- The Washington Times - Monday, November 25, 2002

TORONTO (AP) The French scholar who discovered the purported burial box of Jesus' brother James strongly defended the artifact's identification yesterday against skeptical points raised at a convention of religion scholars.
Despite the doubts, Andre Lemaire asserted that "myself, I have been very cautious. I say it is very probable."
The animated panel discussion, attended by 800 people, involved mainly crucial technical points such as grammar and the forms of handwriting in the inscription, which reads "James, son of Joseph, brother of Jesus."
The words appeared on a first-century bone box known as an "ossuary," a form of Jewish burial that ended in A.D. 70. The New Testament identifies James as Jesus' brother and the leader of Jerusalem's early Christians.
Because of the implications for such Catholic doctrines as the perpetual virginity of Mary, the precise meaning of the phrase in the Bible has been debated for centuries.
If scholars decide the inscription refers to Jesus of Nazareth rather than some other Jesus, and is not a forgery, the box would rank as a monumental archaeological discovery.
Since Mr. Lemaire reported the box's existence last month in Biblical Archaeology Review magazine, some have suggested the Jesus phrase could have been added by a forger, more likely in ancient than in modern times.
Some scientific questions about the box, on display at the Royal Ontario Museum through Dec. 29, may be clarified when the Israel Antiquities Authority conducts further examination.
Two specialists with Israel's Geological Survey certified that the surface patina indicated that all the letters were inscribed in ancient times with no sign of tampering.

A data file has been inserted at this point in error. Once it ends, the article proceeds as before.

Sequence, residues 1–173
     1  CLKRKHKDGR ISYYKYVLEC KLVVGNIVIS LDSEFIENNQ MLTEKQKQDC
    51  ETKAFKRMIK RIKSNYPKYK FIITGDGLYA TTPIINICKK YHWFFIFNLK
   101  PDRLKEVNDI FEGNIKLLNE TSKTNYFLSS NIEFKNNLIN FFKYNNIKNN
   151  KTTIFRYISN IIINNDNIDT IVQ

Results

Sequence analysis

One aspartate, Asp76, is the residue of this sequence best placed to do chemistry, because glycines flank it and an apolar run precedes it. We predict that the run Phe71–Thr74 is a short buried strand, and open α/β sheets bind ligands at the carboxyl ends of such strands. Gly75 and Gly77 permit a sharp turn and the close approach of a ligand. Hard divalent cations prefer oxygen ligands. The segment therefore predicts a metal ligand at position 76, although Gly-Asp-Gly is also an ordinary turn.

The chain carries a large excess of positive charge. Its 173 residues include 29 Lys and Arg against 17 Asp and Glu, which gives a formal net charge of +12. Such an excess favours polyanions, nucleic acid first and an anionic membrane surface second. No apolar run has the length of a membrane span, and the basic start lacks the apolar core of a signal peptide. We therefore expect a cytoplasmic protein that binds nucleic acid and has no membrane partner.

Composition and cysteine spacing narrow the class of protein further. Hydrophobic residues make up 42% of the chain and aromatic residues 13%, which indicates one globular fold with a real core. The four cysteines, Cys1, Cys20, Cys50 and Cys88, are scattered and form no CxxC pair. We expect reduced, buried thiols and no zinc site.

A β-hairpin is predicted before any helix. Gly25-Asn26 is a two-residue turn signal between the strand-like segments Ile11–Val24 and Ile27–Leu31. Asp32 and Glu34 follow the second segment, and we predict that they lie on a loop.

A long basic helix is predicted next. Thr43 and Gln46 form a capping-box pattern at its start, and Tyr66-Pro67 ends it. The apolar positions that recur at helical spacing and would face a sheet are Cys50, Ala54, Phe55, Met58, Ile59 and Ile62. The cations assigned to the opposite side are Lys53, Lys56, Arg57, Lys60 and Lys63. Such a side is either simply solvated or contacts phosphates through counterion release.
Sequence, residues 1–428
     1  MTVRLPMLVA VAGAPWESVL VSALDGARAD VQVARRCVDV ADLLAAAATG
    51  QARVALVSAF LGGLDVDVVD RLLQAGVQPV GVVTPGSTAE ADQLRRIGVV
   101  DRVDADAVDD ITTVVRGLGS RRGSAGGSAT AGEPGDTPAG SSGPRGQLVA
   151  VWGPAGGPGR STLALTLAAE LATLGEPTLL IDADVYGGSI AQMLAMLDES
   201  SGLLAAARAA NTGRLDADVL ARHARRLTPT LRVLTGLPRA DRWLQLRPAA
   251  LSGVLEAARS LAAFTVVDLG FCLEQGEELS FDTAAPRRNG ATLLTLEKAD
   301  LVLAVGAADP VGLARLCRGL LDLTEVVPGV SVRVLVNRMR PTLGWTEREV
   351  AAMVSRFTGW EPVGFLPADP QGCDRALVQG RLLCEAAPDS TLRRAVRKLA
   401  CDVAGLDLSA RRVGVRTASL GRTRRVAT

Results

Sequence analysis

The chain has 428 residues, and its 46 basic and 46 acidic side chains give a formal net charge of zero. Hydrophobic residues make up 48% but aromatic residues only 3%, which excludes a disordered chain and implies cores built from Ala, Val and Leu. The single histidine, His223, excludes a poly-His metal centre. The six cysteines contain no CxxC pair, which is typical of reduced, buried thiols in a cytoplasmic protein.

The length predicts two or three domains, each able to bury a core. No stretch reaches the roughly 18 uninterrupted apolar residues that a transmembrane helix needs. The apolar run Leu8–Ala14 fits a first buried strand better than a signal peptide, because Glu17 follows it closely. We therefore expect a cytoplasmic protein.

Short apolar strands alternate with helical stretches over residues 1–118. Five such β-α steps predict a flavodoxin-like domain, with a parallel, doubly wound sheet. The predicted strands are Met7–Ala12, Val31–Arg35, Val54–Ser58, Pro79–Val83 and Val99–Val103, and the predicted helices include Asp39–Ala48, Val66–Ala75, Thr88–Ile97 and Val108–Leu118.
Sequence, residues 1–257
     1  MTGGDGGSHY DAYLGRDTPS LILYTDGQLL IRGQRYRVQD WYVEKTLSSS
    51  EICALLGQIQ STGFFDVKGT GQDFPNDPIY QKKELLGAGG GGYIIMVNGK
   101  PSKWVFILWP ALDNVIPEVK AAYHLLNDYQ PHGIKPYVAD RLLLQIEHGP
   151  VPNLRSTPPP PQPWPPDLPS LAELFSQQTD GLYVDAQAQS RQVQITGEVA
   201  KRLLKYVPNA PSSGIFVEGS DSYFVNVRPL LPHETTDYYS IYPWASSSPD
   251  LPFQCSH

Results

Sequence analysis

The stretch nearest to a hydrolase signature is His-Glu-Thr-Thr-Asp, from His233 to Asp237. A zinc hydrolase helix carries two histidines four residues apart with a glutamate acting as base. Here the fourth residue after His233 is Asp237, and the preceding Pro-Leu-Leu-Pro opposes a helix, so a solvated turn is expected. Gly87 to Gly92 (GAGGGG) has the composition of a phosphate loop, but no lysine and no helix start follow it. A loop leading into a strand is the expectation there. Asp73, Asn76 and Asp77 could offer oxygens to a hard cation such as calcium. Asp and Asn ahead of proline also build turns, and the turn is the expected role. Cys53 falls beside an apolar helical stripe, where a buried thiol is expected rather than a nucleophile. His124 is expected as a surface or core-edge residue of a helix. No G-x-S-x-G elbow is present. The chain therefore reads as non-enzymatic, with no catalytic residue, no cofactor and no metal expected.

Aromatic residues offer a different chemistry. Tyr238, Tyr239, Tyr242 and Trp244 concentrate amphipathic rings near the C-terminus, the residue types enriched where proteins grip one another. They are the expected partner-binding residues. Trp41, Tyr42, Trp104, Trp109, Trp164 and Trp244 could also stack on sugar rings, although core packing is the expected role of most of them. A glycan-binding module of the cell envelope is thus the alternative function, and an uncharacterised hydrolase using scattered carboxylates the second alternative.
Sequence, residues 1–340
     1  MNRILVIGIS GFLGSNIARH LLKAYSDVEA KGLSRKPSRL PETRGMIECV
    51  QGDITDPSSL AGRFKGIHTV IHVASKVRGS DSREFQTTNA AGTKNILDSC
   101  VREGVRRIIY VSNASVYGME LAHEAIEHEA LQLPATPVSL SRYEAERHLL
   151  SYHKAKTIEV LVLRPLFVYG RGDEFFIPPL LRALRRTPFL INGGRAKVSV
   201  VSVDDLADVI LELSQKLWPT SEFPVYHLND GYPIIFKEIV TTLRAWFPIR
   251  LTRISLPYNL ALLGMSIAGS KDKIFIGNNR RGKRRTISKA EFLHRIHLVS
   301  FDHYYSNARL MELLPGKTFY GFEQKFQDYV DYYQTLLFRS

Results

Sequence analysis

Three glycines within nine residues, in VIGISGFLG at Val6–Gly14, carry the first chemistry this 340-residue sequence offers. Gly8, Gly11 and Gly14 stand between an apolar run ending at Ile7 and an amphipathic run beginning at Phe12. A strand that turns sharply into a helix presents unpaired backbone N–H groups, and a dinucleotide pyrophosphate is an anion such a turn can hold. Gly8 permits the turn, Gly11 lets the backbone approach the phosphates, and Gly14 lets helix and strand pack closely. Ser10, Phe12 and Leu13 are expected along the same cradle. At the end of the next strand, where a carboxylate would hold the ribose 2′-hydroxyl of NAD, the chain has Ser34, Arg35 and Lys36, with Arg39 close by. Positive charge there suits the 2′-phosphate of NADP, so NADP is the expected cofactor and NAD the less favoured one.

Eric Meyers of Duke University, who took his first look at the box last week, said at the meeting that he had "serious questions about authenticity" and urged caution, among other reasons because the "brother of Jesus" phrase could have been added.
University of Toronto archaeologist Peter Richardson told a separate panel at the Ontario museum that the inscription showed two different writing styles, but that the "character of the letters changes gradually" from one end to the other, making forgery less likely.
Mr. Lemaire said the more fundamental question is whether the inscription refers to the biblical James. On that, he estimated that in first-century Jerusalem only 20 males named James might have had a father named Joseph and a brother named Jesus.
He reached his "very probable" identification because it was extremely rare to name a brother, so this particular Jesus must have stood out.
Oded Golan, the Israeli collector who owns the box, told the museum session that Tel Aviv University statistician Camil Fuchs has narrowed the odds to three persons by calculations, not yet published, that eliminate Jerusalem's non-Jews, children, the 85 percent who were illiterate and the 50 percent who could not afford ossuary burial.

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